The Maple Leafs (31-13-5, 67 points), who lead the North Division, confirmed their inevitable postseason berth with a 4-1 victory over the host Montreal Canadiens.
The Canucks (19-21-3, 41 points) saw their faint playoff hopes take another hit with a 6-3 loss to the host Ottawa Senators on Wednesday.
"We felt like a playoff team for quite a long time, yet you still have to accomplish it," Maple Leafs coach Sheldon Keefe said. "It is part of the journey. We said to our team before the game, we had an opportunity to do it on our terms, so we might as well get it done and take care of that piece of business."
A highlight of the game was the league-leading 35th goal of the season by Auston Matthews on a midair takeaway and wrist shot.
Matthews had difficulty explaining the play himself. "I don't know, it all kind of just happened fast," he said. "Just saw the puck and tried to get it on my stick. ... it just happened really fast."
Two Maple Leafs veterans reached milestones. Joe Thornton became the seventh NHL player to record 1,100 career assists. Jason Spezza had two assists, and his 966 career points matched Canadiens great Maurice Richard for 99th all-time.
"Those guys were in the offensive zone snapping the puck around to each other, and it's a cool thing," Keefe said. "Those guys have accomplished a great deal. They've been elite, elite players for a very long time, and to have them teaming up for us in that role (on the fourth line) and being such great leaders for us, it's outstanding."
The Canucks suffered their second straight loss to the Senators.
"We weren't very good (Wednesday)," Canucks coach Travis Green said. "We got what we deserved. We looked a little tired physically and looked mentally tired, too. There's no rule in the league that you can't win when you're tired. I actually thought we showed a little bit of mental weakness at the start of the second period with some of the plays we made."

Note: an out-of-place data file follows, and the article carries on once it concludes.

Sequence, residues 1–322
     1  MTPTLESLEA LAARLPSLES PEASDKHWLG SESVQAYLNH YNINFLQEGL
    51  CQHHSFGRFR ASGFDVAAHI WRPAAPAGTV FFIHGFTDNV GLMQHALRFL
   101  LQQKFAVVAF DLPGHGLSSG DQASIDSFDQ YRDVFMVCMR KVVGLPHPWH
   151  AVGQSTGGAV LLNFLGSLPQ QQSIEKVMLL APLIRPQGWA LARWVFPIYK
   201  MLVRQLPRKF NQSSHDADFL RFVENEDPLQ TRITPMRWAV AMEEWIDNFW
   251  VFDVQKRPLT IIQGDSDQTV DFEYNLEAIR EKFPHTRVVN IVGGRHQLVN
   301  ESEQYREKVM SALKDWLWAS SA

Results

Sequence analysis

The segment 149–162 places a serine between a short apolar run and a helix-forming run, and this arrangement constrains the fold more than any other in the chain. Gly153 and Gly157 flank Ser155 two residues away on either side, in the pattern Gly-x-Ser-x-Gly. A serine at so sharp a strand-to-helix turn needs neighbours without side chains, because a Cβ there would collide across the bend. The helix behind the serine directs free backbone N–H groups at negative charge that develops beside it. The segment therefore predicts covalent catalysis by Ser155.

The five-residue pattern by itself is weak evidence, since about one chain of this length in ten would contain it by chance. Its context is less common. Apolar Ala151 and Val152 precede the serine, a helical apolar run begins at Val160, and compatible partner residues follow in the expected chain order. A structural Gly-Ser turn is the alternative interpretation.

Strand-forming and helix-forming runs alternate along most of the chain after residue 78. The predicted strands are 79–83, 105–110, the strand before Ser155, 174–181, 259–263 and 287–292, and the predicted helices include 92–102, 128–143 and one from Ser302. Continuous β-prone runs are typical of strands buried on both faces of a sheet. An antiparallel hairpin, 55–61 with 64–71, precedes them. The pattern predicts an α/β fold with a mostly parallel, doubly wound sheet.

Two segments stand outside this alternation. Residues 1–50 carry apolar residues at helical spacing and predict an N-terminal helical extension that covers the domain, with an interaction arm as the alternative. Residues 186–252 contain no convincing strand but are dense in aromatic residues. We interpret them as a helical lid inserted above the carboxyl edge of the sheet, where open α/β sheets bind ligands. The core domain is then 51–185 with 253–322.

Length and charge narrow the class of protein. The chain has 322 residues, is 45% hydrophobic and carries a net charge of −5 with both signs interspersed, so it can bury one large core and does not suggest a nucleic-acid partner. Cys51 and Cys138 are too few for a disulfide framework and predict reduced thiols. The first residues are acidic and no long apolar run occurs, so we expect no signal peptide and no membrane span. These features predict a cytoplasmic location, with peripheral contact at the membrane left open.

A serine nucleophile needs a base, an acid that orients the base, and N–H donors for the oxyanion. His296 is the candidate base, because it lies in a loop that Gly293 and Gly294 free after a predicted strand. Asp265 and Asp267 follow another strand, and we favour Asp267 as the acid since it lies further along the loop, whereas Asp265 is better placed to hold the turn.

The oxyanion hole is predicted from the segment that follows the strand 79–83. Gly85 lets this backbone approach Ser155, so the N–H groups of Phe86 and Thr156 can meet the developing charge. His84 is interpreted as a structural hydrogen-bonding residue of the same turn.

The game followed a 2-1 loss at Ottawa on Monday. The Canucks complete a four-game trip in Toronto on Saturday.
The Canucks are in the midst of playing a compact schedule of 19 games in 32 days after not playing for 24 days during an outbreak of COVID-19. They returned to competition on April 18 with a win over the Maple Leafs.
The effects of players not being fully recovered from the virus or not in the best of game shape showed.
"Any time we generated momentum, we just shot ourselves in the foot," defenseman Tyler Myers said. "A lot of the game is breakouts and forechecks. When we do it hard and fast, we're a tough team to play against -- we know that. It's obviously a tough situation and a strange situation -- it's a strange time in the whole world.
"The guys have done a great job battling through it. I don't think this correlates with that (COVID-19) -- but we can make better plays and smarter decisions with the puck."
--Field Level Media
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